Courtesy of Studio Babak Golkar and the Institute for New Connotative Action

EX.003, 2016, With Michael Love

EX.003, 2016, With Michael Love

Archival Chromogenic C-print UV lamination, Dibond mount
101.5 (h) x 101.5 cm (w) (left) / 127 cm (w) x 101.5 cm (h) (right)
Courtesy of Studio Babak Golkar and the Institute for New Connotative Action

 

EX.003, 2016, With Michael Love

EX.003, 2016, With Michael Love

Archival Chromogenic C-print UV lamination, Dibond mount
101.5 (h) x 101.5 cm (w) (left) / 127 cm (w) x 101.5 cm (h) (right)
Courtesy of Studio Babak Golkar and the Institute for New Connotative Action

EX.013, 2016, With Ghazaleh Avarsamani

EX.013, 2016, With Ghazaleh Avarsamani

Archival Chromogenic C-print UV lamination, Dibond mount
101.5 c, (h) x 101.5 cm (w) (left) / 127 cm (w) x 101.5 cm (h) (right)
Courtesy of Studio Babak Golkar and the Institute for New Connotative Action

EX.009, 2016, With Ryan Peter

EX.009, 2016, With Ryan Peter

Archival Chromogenic C-print UV lamination, Dibond mount
101.5 cm (h) x 101.5 cm (w) (left) / 127 cm (w) x 101.5 cm (h) (right)
Courtesy of Studio Babak Golkar and the Institute for New Connotative Action

The Exchange Project (Installation view at INCA, Seattle)

The Exchange Project (Installation view at INCA, Seattle)

Installation view
Courtesy of Studio Babak Golkar and the Institute for New Connotative Action

The Exchange Project (Installation view at INCA, Seattle)

The Exchange Project (Installation view at INCA, Seattle)

Installation view
Courtesy of Studio Babak Golkar and the Institute for New Connotative Action

The Exchange Project (Installation view at INCA, Seattle)

The Exchange Project (Installation view at INCA, Seattle)

Installation view
Courtesy of Studio Babak Golkar and the Institute for New Connotative Action

The Exchange Project (Installation view at INCA, Seattle)

Installation view
Courtesy of Studio Babak Golkar and the Institute for New Connotative Action

 

What constitutes an art object? Are its status and value still contingent on an artist’s declaration or its institutional frame? What conditions are imposed on artists during the creative process and how do those conditions affect the art object epistemologically and, subsequently, the reception and reading of it? Under the working title The Exchange Project the proposed program is designed around a barter system that allows for the research and exploration of the invisible structures, as well as, the soft and hard incentives governing the contemporary arts. This alternative mode of shared economic benefit involves research into the practice of around a hundred contemporary artists. Furthermore, engaging each artist in a critical dialogue towards an exchange of art works. The Exchange Project will, ultimately, be comprised of around a hundred diptych photographs of the exchanged works as an appropriated new body of work.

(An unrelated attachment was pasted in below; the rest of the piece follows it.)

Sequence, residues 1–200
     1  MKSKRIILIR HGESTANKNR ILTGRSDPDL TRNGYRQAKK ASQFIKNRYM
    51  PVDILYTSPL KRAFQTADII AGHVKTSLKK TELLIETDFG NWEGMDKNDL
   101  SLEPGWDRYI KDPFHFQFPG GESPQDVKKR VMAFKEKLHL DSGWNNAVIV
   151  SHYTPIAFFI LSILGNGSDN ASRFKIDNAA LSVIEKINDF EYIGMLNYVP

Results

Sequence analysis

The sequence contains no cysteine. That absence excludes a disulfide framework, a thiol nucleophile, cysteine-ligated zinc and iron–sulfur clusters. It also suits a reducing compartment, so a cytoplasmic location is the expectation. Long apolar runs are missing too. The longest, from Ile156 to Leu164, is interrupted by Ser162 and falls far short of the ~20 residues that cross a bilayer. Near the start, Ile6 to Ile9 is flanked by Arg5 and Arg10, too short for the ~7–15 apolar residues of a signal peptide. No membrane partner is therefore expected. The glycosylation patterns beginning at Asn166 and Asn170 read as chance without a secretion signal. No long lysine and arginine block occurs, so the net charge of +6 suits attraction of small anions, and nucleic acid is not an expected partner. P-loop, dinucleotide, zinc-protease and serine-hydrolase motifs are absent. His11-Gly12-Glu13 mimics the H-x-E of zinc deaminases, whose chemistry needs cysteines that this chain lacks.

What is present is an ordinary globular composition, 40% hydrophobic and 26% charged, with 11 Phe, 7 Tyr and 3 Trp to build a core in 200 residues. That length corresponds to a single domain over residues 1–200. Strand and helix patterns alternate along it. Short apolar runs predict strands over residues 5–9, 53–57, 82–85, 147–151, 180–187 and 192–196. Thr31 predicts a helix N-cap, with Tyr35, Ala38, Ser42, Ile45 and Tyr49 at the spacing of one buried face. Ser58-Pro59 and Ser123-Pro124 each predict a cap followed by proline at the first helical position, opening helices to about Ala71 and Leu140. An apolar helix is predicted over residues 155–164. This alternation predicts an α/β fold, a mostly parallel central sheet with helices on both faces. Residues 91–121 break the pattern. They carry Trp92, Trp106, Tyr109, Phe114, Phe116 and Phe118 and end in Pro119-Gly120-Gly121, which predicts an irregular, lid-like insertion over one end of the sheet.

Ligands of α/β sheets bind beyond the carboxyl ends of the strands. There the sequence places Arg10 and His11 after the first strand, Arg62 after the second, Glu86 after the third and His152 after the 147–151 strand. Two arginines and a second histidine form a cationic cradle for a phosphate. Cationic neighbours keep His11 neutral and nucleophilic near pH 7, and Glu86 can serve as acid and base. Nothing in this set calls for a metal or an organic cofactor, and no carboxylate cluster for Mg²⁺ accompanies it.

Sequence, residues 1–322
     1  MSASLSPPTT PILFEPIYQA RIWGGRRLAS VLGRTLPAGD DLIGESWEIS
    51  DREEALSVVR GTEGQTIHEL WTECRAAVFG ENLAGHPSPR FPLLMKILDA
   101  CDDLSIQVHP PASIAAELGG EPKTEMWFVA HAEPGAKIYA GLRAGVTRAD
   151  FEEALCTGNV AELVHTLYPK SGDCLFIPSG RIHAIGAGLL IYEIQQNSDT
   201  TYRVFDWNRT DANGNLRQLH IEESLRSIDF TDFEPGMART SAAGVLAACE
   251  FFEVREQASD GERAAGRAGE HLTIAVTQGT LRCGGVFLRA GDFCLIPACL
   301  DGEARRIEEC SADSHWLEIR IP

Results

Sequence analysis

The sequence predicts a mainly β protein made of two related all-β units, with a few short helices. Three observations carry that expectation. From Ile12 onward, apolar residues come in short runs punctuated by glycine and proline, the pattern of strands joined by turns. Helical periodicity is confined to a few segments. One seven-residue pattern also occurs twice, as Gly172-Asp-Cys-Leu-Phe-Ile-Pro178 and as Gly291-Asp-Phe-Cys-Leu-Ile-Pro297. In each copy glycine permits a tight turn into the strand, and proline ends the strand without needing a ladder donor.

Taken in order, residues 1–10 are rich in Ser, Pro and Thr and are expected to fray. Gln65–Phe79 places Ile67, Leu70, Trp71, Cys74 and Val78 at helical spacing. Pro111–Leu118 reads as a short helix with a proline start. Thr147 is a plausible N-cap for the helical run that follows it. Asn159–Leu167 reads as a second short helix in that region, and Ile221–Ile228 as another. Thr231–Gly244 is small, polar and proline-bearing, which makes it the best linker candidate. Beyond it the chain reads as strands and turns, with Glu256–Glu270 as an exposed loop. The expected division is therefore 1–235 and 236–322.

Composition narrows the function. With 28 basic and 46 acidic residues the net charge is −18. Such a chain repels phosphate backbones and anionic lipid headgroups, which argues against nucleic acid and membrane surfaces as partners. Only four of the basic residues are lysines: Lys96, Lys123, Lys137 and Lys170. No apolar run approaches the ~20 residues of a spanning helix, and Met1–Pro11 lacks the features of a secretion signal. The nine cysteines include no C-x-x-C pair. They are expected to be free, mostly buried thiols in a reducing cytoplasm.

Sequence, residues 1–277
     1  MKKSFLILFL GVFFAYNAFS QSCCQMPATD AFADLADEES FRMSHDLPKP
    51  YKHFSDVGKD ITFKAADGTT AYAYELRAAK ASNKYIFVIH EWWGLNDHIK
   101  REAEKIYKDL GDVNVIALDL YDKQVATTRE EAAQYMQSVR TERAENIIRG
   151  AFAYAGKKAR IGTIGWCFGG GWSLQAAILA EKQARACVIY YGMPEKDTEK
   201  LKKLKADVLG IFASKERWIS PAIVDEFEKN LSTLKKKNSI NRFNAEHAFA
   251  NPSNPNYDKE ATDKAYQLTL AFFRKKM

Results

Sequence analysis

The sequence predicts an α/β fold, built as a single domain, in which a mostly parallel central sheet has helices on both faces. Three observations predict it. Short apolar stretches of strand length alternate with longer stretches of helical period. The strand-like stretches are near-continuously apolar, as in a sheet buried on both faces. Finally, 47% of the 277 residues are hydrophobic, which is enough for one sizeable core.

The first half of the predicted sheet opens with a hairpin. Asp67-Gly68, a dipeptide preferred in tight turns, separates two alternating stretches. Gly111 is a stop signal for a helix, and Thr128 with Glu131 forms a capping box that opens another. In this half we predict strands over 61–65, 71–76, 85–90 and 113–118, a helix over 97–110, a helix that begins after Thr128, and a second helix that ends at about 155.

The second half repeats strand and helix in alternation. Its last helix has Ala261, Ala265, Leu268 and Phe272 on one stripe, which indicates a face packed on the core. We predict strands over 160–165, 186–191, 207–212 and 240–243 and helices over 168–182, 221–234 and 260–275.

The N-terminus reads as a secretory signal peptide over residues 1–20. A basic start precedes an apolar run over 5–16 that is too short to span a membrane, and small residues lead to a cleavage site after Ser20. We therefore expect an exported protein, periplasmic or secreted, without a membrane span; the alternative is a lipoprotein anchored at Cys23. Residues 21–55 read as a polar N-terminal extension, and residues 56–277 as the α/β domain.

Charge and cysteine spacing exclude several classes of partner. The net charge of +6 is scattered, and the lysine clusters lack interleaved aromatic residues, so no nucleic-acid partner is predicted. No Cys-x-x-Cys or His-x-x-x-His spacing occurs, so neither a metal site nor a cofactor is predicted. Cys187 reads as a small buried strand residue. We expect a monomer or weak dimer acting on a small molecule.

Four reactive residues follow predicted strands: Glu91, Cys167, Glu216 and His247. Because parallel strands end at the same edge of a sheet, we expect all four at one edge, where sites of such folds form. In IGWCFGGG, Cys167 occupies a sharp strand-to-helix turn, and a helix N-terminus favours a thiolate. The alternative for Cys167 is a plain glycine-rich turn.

Pragmatically, the project reflects on the ideas of the French novelist and art theorist Andre Malraux, specifically his Le Musée Imaginaire (1947). Malraux claimed that the history of art had shifted from the hallowed halls of the classical museum to the more conceptual realm of ‘that which can be photographed’. Le Musée Imaginaire consisted of hundreds of photographs of art objects collected by Malraux, formed in a diptych setting for the purpose of fostering a dialogue between the works in each pairing. His privileging of curatorial over artistic production is a first instance of explicitly locating the creative act in the process of assembling, grouping and displaying works of work.